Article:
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Rare East Coast Eichler just outside NYC asks $575K

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One of only three Eichlers on the East Coast

An exterior photo a double a-frame house built by Joseph Eichler. The post-and-beam home features white a-frame rafters, gray walls, and a turquoise door. Photos by Greg Davis, courtesy of Devorah Sekula and Avigayil Perlman.

Love California modernism but stuck on the East Coast? Check out this five-bedroom, two-bath home near the New York-New Jersey border, about 45 minutes north of Manhattan. One of just three houses by famed midcentury developer Joseph Eichler on the East Coast, the post-and-beam home was built in 1962 and features classic midcentury modern style.

The open-sky atrium is the focal point of the home, and an open-plan living room boasts Eichler’s trademark walls of glass and a double A-frame roof. The home was last on the market in 2017 and recently underwent a facelift in preparation for a feature in a sci-fi film starring Colin Farrell. Upgrades included a new roof, new windows, paint, modern kitchen and new wooden floors in a wide-plank, herringbone pattern.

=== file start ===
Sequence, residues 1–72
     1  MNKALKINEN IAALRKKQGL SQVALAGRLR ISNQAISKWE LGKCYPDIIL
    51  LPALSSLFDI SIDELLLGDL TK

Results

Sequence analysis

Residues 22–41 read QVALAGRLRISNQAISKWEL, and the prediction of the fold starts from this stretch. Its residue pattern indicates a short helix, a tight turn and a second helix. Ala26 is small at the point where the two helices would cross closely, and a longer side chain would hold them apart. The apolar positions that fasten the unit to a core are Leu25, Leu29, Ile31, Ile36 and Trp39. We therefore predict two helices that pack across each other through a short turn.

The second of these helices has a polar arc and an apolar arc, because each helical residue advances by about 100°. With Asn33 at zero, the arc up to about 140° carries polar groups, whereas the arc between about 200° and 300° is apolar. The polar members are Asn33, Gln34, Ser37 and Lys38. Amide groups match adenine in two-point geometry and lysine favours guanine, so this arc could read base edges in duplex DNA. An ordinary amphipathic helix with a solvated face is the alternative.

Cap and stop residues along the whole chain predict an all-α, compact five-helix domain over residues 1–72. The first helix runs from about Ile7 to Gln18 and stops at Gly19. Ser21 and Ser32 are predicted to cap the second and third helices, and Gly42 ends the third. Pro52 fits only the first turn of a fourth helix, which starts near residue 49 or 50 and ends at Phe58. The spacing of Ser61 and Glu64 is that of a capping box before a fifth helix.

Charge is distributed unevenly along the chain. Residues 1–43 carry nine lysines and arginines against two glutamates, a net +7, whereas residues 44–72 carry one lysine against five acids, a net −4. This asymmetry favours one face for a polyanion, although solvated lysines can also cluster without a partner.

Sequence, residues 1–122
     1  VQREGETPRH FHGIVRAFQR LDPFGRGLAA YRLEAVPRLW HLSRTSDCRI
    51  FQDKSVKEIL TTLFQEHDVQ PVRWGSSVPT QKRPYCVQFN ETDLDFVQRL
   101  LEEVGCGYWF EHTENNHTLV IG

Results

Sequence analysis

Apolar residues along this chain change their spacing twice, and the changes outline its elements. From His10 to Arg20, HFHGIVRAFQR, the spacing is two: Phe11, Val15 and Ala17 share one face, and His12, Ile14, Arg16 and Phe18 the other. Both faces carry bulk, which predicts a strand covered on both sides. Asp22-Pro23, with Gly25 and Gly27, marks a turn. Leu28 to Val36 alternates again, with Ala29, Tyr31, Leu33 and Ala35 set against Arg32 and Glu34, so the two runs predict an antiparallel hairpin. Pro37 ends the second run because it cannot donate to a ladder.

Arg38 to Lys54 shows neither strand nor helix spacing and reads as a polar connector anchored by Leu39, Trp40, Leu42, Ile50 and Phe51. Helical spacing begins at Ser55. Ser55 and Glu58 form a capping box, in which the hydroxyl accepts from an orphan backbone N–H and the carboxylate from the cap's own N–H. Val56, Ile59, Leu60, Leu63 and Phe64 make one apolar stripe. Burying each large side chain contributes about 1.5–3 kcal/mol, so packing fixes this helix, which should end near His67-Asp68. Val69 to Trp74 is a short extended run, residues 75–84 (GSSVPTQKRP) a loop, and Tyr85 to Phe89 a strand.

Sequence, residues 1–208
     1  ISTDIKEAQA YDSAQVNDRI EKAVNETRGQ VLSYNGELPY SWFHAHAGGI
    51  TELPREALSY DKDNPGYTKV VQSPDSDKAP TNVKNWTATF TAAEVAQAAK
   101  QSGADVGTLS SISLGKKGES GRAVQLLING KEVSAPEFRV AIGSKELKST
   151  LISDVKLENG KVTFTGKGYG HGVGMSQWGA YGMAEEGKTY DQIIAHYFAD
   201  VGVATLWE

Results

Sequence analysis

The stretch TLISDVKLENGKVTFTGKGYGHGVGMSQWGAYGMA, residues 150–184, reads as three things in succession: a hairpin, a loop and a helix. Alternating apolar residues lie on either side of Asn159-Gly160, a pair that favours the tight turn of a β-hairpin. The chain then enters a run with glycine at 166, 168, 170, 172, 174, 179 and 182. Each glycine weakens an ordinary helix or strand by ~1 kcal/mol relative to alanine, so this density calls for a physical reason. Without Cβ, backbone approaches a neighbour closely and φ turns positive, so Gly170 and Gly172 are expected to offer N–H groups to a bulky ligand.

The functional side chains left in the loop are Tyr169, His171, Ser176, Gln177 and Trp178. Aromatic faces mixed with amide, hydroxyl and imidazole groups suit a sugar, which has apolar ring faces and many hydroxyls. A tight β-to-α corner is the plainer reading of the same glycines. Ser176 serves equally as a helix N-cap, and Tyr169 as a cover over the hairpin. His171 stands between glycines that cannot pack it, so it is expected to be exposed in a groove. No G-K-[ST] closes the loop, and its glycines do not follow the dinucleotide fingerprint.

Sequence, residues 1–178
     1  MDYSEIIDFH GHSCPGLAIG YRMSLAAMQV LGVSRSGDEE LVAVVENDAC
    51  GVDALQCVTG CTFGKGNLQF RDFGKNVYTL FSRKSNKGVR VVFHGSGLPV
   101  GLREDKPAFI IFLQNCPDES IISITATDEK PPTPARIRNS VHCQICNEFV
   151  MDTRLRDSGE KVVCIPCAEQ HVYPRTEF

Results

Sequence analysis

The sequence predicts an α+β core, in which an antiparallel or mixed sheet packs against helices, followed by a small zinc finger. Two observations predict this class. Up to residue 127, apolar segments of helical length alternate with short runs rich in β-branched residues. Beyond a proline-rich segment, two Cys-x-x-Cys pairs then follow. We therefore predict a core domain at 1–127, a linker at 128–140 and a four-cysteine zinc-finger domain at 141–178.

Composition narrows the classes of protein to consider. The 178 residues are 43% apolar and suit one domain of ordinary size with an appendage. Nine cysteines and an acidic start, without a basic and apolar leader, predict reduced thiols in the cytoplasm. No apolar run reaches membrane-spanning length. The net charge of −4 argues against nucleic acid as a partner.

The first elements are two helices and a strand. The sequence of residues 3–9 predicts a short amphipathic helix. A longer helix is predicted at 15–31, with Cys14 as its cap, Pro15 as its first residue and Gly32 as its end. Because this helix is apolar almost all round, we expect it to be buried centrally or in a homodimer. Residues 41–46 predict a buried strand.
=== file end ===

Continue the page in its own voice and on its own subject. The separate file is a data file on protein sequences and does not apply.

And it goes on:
The current listing photos are unfortunately unstaged, but the home still shines with its exposed beams, wood-burning fireplace, and a master suite that accesses the backyard through a sliding glass door. The best news for fans of California Eichlers: This New York version is exponentially less expensive than most found in the sunshine state. Although Eichlers were originally designed as affordable family homes, they now fetch million dollar price tags.

Interested in your own East Coast Eichler? 130 Grotke Road is on the market now for $575,000.

An exterior view of a gray and white midcentury modern home. The front door is turquoise and there is a gravel driveway and green grass in front.
A rare piece of California Modernism in the Northeast, this Eichler-developed home features a classic double A-frame.
An open-air atrium features wood floors with a gold and red tree in the center. Sliding glass doors look out onto the atrium.
The open-air atrium is the central focal point of the house, but the East Coast climate was a factor in preventing more Eichler development in the region.
A living room with white walls and exposed white beams in the ceiling, light wooden floors, windows out to the yard, and a fireplace.
The living room features exposed beams, a fireplace, and new wide-plank wooden floors.
A galley style kitchen features light wooden floors, gray counters, white cabinets, and stainless steel appliances.
In preparation for a feature in a recent movie, the home received a brand new kitchen.
An empty bedroom with light wood floors, a sliding glass door onto the atrium, and an open door that leads to the bathroom.
The master features a sliding glass door onto the atrium and an ensuite bath.